Don’t think I can pull a pensée out of a bowl of green bean casserole? Well, grab a knife and fork and come watch me...
Philosophy-To-Go! brings you straight-from-the-oven philosophical hors d’oeuvres inspired by the ambient culture. To accompany them, we recommend a chilled Albariño.
It was always there. It had its permanent place on the board on which my mother set out our Thanksgiving buffet.
I admit, at the time I did not rank the green bean casserole as high in the catalogue of toothsome offerings as the stuffing. But I was young and impressionable, and the garish spices involved with the stuffing, along with the instant gratification of the carbohydrates, exercised an undue fascination upon my callow taste buds. Now I have grown older, and perhaps a little wiser, and the subtler, more intellectual attractions of green bean casserole are more congenial to my palate.
What is it about green bean casserole that is so wondrous? Breaking it down into its component parts, it does not seem like anything special. Green beans. A can of Campbell’s Cream of Mushroom soup. French fried onions. Never has the axiom that the whole is greater than the sum of its parts been more adequately proved. These three ingredients are indeed rather pedestrian when taken singly. But put them together and, like mixing Moe with Larry and Curly, you’ve got a magical combination.
For me, that magic consists not only in green bean casserole’s ambrosial flavor. It consists, too, in the way in which it takes me back to the Thanksgiving dinners of my childhood. To smell the familiar bouquet of a steaming green bean casserole is to be sitting in the living room of my parents‘ house on Portage Avenue in South Bend, Indiana. First at the card table that served as the “kids table,” then later at the “big table” with the grown-ups, it was in that living room that I enjoyed my annual Thanksgiving reunions with my family and our close friends. Green bean casserole is, for me, a portal back through time. It is a connection to the past.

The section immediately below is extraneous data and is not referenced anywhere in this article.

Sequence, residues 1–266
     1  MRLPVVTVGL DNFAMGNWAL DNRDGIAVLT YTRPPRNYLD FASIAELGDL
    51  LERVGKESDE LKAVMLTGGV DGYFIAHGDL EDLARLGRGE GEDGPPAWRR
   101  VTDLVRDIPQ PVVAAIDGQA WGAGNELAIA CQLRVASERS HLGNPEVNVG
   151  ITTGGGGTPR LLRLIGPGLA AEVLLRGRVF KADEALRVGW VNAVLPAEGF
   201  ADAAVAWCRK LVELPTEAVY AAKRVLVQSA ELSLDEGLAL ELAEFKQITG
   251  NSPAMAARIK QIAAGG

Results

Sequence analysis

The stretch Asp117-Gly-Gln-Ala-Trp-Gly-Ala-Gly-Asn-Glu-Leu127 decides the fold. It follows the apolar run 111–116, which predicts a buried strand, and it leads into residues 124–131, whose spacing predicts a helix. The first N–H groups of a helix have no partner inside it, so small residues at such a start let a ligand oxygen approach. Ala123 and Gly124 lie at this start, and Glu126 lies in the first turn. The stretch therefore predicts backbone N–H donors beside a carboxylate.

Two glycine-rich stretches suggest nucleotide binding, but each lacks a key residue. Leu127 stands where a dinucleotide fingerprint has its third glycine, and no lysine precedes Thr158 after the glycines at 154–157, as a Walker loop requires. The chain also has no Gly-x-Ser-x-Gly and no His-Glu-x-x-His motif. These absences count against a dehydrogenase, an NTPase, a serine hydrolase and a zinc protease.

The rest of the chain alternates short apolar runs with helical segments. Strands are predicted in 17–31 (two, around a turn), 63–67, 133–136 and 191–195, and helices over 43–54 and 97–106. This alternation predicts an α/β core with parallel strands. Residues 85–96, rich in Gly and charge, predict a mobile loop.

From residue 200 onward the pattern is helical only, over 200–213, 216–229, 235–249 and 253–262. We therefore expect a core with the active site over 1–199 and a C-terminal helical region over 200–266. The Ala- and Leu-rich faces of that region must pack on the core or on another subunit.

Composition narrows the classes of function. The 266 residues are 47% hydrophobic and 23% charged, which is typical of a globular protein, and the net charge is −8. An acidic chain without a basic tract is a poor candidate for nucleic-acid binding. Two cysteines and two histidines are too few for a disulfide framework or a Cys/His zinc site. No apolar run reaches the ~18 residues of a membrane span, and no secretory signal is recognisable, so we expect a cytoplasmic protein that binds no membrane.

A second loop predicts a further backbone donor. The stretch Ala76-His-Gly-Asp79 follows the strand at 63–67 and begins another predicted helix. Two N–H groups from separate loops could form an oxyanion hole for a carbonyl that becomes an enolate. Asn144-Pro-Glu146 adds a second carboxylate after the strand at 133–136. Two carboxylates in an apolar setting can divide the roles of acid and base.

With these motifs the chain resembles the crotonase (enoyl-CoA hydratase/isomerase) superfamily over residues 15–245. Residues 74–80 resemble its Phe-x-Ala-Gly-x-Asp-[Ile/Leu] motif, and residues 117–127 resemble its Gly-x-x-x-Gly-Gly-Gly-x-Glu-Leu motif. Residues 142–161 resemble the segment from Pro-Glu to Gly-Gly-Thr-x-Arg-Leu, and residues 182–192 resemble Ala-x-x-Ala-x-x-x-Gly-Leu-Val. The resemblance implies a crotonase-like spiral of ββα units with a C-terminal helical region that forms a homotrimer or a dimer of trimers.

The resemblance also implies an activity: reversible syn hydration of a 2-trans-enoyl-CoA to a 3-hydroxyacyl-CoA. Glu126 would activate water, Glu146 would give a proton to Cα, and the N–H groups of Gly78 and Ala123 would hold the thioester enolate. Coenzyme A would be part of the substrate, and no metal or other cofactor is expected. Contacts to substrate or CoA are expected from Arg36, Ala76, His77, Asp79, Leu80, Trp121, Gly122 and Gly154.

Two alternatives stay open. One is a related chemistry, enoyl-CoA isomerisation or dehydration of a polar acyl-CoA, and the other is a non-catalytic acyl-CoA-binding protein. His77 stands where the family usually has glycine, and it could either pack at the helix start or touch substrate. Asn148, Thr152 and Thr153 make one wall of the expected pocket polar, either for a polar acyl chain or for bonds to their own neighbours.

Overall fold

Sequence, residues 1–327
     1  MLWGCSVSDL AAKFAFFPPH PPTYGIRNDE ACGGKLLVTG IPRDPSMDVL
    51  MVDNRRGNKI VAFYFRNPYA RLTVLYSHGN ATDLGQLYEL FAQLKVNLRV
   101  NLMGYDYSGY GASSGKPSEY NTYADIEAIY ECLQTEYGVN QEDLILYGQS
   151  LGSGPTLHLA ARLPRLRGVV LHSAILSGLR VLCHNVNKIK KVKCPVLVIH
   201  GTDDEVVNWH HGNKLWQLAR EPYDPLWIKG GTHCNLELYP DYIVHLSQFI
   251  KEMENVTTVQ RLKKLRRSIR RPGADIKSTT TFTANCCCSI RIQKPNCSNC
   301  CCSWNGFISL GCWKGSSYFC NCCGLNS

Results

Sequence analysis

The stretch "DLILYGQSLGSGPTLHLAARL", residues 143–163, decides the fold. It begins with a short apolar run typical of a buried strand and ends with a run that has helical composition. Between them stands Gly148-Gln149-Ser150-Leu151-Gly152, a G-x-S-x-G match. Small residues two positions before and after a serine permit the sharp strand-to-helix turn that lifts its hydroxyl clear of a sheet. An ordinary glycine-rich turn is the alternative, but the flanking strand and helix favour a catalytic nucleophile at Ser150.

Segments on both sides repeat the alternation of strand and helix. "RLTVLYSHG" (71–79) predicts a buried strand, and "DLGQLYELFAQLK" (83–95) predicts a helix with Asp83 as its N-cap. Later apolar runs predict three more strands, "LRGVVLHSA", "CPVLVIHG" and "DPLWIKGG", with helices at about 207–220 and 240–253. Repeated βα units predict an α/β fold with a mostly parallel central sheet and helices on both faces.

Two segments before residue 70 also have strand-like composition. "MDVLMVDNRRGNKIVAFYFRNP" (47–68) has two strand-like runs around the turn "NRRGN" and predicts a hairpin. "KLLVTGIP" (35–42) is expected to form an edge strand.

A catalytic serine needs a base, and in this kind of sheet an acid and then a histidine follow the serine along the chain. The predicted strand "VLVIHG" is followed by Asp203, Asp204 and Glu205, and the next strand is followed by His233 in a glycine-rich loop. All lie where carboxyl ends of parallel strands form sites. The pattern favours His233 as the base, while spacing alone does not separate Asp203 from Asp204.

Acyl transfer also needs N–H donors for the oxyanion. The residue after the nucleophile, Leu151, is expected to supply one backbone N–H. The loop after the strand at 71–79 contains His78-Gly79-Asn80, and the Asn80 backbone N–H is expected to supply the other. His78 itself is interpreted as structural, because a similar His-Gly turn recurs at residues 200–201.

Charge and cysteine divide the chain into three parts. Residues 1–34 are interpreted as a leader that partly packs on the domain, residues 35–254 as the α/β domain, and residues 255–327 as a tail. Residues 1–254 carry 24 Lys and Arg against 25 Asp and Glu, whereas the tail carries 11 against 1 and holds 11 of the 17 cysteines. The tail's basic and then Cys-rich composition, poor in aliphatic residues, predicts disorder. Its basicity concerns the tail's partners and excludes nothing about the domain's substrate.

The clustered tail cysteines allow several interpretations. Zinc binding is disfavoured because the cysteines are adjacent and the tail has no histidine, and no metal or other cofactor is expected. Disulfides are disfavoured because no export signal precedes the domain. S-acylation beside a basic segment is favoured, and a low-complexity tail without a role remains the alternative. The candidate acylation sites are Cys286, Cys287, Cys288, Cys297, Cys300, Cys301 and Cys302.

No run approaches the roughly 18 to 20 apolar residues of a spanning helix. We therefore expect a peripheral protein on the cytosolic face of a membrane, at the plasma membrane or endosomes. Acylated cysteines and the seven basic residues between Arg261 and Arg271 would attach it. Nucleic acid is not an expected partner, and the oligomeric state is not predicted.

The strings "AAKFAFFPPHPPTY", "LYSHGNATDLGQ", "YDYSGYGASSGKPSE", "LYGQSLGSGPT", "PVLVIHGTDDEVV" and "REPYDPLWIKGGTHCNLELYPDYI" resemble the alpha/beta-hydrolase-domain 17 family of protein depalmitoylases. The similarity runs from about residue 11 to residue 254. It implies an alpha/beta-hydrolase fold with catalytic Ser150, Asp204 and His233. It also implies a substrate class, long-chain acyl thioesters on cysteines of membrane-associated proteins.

Our word “tradition” comes from the Latin verb tradere, which means “to hand over.” A tradition is thus something “handed over” from one generation to the next. Green bean casserole is one of the things my mother handed over to me as an element of family celebration. This is what culture is. It is a kind of proclamation in deeds that says, “This is how we do things here.” And so my own family’s Thanksgiving dinners now include, as a mandatory and much anticipated element, green bean casserole.
Of course, my parents handed over far more substantial customs to me and my family than green bean casserole. But the out-sized importance that green bean casserole takes on each Thanksgiving Day is a reminder, not just of days long past, but of the ways in which a family’s culture is embodied–and must be embodied–in rather pedestrian items, items which assume an almost magical dimension the more we associate them with the love of those who gave them.
Both my parents have now gone to God, and our celebrations on Portage Avenue are no more. But the tradition that my parents passed on remains very much alive, and it is in the hope of its power that I look forward to the day when we can rejoin them at the table of the Everlasting Banquet.
From all of us at Aleteia to our friends in the United States, a safe and happy Thanksgiving to you all.